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Horse Articles :: Horse Show Jumping Take-Offs


Show Jumping Take-Offs

Bromley Davenport's words in his Dream of the old Meltonian are very apt when describing the take-off of a horse in show jumping. The quotation, "With your muscular quarters beneath you collected," describes a state of affairs eminently desirable at the take-off. The rider has made arrangements for the horse to commence his jump from the spot best suited for the fence in question, and must now ensure that he does not interfere with the drive from the hind legs into the air, but, in fact, assist by preserving balance.

Loss of rhythm and coordination now may well adversely affect the parabola it is hoped the horse will describe. So it is important that the rider move his weight forward smoothly without displacement of the lower leg; that his fingers and hands, being supple and separated sufficiently to allow of instantaneous independent action, keep an even feeling on the horse's mouth, following the natural movement of the head and neck; and that he looks forward along his chosen route for the next approach phase, which is not far away.

When a horse is taking off well, its forelegs are bent up from the knee, and the hocks, having come well under him, are, with great power, propelling him into the air. The rider is comfortable, is looking well forward, and is giving complete freedom to the back and loins. His hands are ideally placed for independent action if required, and are moving slightly back to retain an even feeling on the horse's mouth. There is no interference with the horse's natural movement, and the general impression is one of workmanlike efficiency.

There is a school of thought whose contention is that a distinct increase in feeling on the mouth, amounting at times to a definite pull, should be exerted as the hind legs come to the ground for the last time before the take-off, with the object of helping the forehand into the air. For some types of fence, notably those of parallel variety, it is, without doubt, beneficial. There are, however, dangers to it.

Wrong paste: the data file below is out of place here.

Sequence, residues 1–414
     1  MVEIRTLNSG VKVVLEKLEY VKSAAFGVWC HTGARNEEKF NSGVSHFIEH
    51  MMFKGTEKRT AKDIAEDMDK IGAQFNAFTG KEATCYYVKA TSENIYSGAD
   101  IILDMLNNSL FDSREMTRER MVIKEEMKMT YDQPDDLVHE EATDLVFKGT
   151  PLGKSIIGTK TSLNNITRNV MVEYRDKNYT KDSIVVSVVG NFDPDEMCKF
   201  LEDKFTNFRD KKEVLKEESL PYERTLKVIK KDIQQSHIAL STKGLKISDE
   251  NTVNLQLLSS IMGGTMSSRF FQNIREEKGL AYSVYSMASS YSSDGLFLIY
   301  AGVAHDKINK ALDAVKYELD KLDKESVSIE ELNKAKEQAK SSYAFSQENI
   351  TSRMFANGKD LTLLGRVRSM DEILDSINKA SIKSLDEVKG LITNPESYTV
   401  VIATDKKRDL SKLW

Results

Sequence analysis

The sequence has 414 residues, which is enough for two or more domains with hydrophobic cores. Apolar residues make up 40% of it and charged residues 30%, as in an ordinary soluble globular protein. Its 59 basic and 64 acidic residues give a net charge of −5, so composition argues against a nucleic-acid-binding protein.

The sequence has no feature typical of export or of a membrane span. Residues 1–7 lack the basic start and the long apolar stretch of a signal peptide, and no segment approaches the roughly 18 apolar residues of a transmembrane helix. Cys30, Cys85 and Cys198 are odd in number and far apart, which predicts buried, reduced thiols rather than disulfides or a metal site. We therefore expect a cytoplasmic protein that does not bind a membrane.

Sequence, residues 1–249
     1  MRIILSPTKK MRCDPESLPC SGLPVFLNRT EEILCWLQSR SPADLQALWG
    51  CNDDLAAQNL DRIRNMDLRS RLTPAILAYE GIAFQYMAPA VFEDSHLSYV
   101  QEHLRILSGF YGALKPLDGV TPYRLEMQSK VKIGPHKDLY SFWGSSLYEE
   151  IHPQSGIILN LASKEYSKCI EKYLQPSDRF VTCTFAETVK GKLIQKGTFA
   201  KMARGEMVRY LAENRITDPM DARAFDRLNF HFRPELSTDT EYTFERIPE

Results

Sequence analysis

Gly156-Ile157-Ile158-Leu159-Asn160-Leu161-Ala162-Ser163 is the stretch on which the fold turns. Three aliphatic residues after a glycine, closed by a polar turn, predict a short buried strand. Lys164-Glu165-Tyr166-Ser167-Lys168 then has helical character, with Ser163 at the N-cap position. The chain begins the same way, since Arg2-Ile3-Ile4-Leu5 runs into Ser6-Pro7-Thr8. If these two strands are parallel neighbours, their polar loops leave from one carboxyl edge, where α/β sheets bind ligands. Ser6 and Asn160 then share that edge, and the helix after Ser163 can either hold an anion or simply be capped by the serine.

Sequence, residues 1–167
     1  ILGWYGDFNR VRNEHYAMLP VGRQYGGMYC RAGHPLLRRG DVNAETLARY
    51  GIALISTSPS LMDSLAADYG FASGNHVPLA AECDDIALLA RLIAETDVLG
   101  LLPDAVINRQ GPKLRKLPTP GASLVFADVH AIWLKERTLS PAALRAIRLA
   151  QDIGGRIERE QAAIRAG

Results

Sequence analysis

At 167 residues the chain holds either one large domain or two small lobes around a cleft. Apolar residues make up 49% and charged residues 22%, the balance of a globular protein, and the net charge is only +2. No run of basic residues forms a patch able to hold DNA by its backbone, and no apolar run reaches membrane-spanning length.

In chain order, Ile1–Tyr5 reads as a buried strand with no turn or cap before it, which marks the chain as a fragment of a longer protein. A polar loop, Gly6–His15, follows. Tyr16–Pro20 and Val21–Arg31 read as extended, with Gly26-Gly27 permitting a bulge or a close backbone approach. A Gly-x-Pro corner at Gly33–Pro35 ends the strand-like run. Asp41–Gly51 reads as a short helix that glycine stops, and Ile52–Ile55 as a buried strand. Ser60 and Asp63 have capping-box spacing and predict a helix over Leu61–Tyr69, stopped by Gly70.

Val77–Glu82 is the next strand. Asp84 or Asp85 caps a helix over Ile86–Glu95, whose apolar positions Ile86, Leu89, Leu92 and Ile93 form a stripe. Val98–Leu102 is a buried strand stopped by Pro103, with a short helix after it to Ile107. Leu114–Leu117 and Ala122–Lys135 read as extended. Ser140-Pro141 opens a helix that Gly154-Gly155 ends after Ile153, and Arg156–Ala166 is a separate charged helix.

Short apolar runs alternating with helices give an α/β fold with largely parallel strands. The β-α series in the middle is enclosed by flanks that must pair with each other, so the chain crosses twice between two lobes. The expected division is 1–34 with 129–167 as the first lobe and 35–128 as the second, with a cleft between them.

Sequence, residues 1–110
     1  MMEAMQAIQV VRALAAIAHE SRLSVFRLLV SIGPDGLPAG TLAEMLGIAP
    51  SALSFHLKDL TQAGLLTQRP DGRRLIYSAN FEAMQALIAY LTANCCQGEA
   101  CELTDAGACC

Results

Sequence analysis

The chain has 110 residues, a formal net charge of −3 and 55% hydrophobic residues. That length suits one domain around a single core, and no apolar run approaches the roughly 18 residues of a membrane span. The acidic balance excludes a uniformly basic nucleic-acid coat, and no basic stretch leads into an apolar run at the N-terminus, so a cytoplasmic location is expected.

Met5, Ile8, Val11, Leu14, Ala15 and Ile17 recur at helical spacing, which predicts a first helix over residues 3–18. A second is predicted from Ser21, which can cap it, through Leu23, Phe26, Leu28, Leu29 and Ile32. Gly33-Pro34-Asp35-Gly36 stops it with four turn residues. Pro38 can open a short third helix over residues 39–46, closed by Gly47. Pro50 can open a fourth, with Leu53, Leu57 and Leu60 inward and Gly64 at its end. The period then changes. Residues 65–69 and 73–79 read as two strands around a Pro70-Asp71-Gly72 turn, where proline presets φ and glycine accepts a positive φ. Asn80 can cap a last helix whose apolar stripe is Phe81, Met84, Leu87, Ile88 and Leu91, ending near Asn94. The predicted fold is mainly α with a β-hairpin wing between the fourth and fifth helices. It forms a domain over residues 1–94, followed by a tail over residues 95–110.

One, for instance, is that the horse may well take off when it is the rider's intention to shorten stride close to the fence. In some cases the pull acts on the rider, bringing his leg to a standing position with the stirrup-iron as pivot, and drawing his hands back against his ribs, where they cannot act lightly or independently. The jump will be jerky and unharmonious, with a real danger of loss of balance on landing.

In the final stages of take off, the horse gives final propulsion from the near hind leg. His forelegs are well tucked up, and he is beginning to stretch his head and neck out to gain distance, and to help the hind quarters up. The rider is well with his horse, and is master of the situation. His hands are separated, ready to give all the rein required. If, perhaps, showing a little rigidity at the knee, he is nevertheless nicely balanced, and his position shows ease and fluency. His concentration on things to come is very apparent.

When final propulsion has been completed all but the near hind toe has left the ground. The head and neck are stretching out, and the forelegs are folded up as close as the body allows. The rider's weight distribution is assisting the horse's effort, and the hands conform to the outward and downward movement of the head. Note that, from the horse's mouth to the rider's hip, the rein, arm, and body should form practically a straight line. This is the completion of a beautifully controlled and elegant jump.

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